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Discards are a clear waste of natural resources. To minimise discards by all types of vessels
throughout UK seas we are working at a European level to radically reform the common fisheries policy (CFP). However the UK is not awaiting the results of this reform to take action. There have been a number of initiatives aimed at reducing discards, including trialling an alternative "catch quota" management system which is based on managing and monitoring what is caught-not just what is landed. This trial had positive results; reducing discards, increasing selectivity and allowing fishermen to land more and will provide useful evidence for the reform of the CFP.
While landing by-catch that would otherwise be discarded would reduce the problem of discards it would not avoid by-catch in the first instance. Our preference has always been to make fishing more selective, thus tackling the root of this wasteful practice and reducing mortality of non-target fish. Project 50%, a collaborative project between fishermen in the south-west and Government, has led to improved selectivity of fishing gear and less by-catch.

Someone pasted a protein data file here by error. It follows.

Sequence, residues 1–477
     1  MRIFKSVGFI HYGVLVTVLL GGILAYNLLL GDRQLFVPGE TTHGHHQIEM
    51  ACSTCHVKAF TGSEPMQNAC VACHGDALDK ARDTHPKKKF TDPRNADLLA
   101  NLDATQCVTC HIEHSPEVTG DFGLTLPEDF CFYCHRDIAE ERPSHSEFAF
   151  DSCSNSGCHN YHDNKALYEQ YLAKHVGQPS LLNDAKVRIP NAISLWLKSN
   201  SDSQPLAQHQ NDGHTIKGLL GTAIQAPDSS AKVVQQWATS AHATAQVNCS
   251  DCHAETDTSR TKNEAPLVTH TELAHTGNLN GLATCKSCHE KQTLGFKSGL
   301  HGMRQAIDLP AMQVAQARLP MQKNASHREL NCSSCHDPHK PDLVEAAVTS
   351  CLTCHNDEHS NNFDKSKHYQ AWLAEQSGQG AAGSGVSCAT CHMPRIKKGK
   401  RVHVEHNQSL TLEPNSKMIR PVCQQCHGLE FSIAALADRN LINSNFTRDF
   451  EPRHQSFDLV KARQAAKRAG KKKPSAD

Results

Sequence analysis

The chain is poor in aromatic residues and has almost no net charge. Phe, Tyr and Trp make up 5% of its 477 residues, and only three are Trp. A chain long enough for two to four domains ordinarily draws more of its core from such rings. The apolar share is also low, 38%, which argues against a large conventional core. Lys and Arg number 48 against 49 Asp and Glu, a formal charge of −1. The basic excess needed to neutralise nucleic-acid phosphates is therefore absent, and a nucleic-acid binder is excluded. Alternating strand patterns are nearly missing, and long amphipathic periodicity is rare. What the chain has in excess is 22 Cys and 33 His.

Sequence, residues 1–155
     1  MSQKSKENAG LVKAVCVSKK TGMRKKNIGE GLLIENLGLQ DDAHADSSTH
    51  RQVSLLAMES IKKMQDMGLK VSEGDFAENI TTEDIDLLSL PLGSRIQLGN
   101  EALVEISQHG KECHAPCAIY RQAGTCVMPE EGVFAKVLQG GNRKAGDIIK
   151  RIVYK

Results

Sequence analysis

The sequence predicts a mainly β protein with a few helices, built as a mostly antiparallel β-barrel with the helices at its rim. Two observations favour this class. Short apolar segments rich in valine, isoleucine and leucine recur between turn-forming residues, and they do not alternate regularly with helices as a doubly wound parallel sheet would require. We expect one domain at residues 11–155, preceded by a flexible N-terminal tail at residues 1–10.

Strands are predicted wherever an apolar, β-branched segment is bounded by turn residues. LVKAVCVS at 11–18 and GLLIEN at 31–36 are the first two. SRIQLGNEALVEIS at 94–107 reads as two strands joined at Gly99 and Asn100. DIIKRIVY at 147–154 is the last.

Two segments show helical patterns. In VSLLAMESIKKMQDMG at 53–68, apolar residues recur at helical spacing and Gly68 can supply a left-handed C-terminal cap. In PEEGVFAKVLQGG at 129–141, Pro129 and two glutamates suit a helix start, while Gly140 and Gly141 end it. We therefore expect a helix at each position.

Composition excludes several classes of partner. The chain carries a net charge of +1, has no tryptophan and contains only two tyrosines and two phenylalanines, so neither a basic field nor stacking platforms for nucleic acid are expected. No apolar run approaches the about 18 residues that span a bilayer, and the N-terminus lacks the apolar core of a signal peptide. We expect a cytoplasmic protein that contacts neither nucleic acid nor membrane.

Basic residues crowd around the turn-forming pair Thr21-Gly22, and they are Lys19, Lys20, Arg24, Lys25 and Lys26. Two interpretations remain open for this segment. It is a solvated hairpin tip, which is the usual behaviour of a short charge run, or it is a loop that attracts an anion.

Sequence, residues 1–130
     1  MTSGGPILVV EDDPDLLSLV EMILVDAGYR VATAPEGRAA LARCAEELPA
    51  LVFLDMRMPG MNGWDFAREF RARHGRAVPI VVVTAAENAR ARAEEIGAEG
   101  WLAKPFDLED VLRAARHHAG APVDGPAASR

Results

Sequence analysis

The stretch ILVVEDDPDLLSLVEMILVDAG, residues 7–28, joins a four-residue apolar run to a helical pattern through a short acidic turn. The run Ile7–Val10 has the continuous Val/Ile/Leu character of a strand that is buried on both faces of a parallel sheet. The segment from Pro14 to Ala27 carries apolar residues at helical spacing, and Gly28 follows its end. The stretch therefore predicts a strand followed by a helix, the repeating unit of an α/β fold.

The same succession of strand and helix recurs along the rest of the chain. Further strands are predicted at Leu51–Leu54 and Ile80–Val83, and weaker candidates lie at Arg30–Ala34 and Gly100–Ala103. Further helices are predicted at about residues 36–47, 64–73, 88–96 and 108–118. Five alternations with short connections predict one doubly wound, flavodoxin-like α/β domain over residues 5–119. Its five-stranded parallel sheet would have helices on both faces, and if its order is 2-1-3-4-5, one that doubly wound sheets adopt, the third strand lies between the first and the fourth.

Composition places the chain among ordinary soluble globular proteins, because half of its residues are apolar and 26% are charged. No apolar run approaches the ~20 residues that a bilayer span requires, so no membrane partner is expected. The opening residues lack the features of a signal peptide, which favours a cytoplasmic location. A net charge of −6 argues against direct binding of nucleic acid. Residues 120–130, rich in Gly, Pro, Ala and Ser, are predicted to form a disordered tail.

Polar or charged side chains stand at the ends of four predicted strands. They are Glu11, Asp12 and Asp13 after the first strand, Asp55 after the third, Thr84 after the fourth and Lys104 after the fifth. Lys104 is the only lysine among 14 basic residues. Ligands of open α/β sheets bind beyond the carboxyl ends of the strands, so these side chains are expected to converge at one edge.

Mr Iain Wright: To ask the Secretary of State for Environment, Food and Rural Affairs what assessment she has made of the (a) economic and (b) environmental effects on (i) the fishing fleet in the North East and (ii) the North Sea of the practice of discarding fish in the North Sea; and if she will make a statement. 
(a) The total discard estimate in 2009 (the latest period for which figures are available for those fisheries sampled in UK) is 51,179 tonnes. There are many reasons explaining these discards; however, the current system for recording catch and discard data does not allow us to differentiate (year on year) why each fish is discarded. Despite this, CEFAS analysis, conducted in 2010 on the 2008 English and Welsh discard data, estimated that:
54% (13,230 tonnes) of total discards were discarded for reasons relating to weak/absent markets (i.e. non-quota species).
Quota constraints were estimated to account for 22% (5,390 tonnes) of discards (i.e. quota species above the legal minimum landing size).
24% (5,880 tonnes) of total discards were quota species below the legal minimum landing size (MLS) and were too small to land.